Many of the same issues need to be debated in Scotland. What are your thoughts on partnerships, franchising, ticketing and funding?

  • At last week’s CPT annual conference the debate about who owns Scotland’s bus companies, and the need to maintain shareholder value was a frequent talking point. The Chief Executives of the major bus operators emphasise their rail operations as a way of keeping the share price up, but does that mean the rail operations start to influence the decisions made in the bus industry. Municipally owned bus companies like Lothian are sometimes perceived as different from shareholder owned companies, but is the difference in the perception or the ownership. A key test of ownership is that the customers own the services they use. As economic advisor John Kay reminds us, myths about ownership must not be allowed to get in the way of good decisions. (http://www.johnkay.com/2015/11/11/is-it-meaningful-to-talk-about-the-ownership-of-companies)

  • A new report by KPMG for DfT says (https://home.kpmg.com/uk/en/home/insights/2015/12/local-bus-market-study.html#Link%202):
    -Local bus markets show considerable variation reflecting differences in socio-demographic factors, land use, the relative attractiveness of alternative modes of transport, wider transport policy and government expenditure, as well as the performance of local bus operators.
    -Local authority and bus operator objectives are reasonably well aligned and centred on market growth but sometimes differences exist between stakeholders on the best way to achieve those objectives.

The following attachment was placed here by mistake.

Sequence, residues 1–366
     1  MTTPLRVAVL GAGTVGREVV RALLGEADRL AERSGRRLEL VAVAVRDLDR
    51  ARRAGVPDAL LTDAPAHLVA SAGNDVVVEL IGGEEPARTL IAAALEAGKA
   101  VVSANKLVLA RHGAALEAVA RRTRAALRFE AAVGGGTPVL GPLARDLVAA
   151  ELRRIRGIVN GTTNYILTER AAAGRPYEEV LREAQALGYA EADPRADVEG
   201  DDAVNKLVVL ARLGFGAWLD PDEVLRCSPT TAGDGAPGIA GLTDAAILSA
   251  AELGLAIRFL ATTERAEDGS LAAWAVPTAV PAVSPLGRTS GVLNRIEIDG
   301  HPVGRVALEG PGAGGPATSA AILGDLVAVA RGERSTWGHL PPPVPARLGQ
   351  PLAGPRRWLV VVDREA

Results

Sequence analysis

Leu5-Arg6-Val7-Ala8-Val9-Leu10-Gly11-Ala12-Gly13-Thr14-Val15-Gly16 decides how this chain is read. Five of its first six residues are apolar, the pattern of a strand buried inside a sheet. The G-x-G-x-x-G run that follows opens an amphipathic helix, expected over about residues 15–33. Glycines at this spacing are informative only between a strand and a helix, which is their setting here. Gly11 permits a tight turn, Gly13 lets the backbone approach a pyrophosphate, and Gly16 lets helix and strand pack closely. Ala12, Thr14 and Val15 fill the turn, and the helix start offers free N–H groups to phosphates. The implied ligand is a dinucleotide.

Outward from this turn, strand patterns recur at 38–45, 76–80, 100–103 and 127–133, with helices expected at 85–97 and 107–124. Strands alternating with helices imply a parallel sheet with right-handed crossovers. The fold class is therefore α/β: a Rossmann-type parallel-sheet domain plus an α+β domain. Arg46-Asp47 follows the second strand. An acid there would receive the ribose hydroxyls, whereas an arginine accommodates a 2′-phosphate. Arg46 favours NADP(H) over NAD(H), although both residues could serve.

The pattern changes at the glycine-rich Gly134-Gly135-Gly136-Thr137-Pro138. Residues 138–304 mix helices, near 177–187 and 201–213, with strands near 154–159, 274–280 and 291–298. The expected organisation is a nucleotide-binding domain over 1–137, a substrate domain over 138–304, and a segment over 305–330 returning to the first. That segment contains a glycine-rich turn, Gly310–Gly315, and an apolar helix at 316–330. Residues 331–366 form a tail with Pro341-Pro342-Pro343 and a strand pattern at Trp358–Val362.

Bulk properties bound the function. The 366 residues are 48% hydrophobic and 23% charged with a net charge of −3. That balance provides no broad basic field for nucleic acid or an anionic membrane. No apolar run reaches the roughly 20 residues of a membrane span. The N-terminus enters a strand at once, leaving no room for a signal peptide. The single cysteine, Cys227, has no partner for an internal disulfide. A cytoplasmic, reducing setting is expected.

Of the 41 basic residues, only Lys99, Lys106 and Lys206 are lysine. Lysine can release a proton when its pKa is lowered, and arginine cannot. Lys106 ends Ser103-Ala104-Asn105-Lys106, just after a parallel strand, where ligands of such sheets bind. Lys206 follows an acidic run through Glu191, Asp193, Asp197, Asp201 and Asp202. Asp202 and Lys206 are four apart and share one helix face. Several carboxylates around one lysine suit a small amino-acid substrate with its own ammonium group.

-There is a range of policy levers available to government to influence demand and supply in local bus markets. In most instances the policy levers available in de-regulated markets enable local authorities and operators to meet their objectives.
    -Where there is pressure for market reform, there is a need to carefully consider the impact of interventions on passengers, operators and local authorities. Each local bus market is unique and each requires a tailored approach to help it deliver local objectives.

  • Some thoughts:

    – The deployment of road space-hours is important, but the deployment of kerb-space hours is crucial. Bus-lanes against the near-side kerb ensures constant conflict with stopped vehicles.
    – Trams are obliged to solve this problem by placing the tracks in the centre of the road so bus lanes should follow their example. Passenger access at stops by either peninsulas or ped crossings protected by lights activated by the bus.
    – The road design approach is an important political statement of prority. This is NOT a general proposition but restricted to nominated ‘Bus priority Routes’ along which buses have the privileges of trams.
    – The real importance of bus-priority must be that it is a solution to the urban parking problem, NOT congestion. Best to deploy Oyster cards giving discounts in the those businesses relieved of a reliance upon urban parking space.